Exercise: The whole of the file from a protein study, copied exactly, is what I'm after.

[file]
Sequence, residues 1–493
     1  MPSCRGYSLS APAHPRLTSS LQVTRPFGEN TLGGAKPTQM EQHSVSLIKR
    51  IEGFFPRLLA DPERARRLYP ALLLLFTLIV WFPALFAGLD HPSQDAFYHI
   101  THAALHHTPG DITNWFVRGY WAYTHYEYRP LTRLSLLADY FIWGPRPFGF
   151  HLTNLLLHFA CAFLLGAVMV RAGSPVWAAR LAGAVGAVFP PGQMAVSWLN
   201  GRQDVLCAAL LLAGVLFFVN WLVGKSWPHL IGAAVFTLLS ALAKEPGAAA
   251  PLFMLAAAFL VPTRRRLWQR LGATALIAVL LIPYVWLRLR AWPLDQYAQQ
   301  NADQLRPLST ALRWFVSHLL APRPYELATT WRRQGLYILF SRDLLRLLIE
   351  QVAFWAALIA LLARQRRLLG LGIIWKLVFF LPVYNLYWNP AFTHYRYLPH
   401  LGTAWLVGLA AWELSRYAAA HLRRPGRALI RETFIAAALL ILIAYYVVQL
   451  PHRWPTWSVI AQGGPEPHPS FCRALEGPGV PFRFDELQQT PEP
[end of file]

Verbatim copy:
Sequence, residues 1–493
     1  MPSCRGYSLS APAHPRLTSS LQVTRPFGEN TLGGAKPTQM EQHSVSLIKR
    51  IEGFFPRLLA DPERARRLYP ALLLLFTLIV WFPALFAGLD HPSQDAFYHI
   101  THAALHHTPG DITNWFVRGY WAYTHYEYRP LTRLSLLADY FIWGPRPFGF
   151  HLTNLLLHFA CAFLLGAVMV RAGSPVWAAR LAGAVGAVFP PGQMAVSWLN
   201  GRQDVLCAAL LLAGVLFFVN WLVGKSWPHL IGAAVFTLLS ALAKEPGAAA
   251  PLFMLAAAFL VPTRRRLWQR LGATALIAVL LIPYVWLRLR AWPLDQYAQQ
   301  NADQLRPLST ALRWFVSHLL APRPYELATT WRRQGLYILF SRDLLRLLIE
   351  QVAFWAALIA LLARQRRLLG LGIIWKLVFF LPVYNLYWNP AFTHYRYLPH
   401  LGTAWLVGLA AWELSRYAAA HLRRPGRALI RETFIAAALL ILIAYYVVQL
   451  PHRWPTWSVI AQGGPEPHPS FCRALEGPGV PFRFDELQQT PEP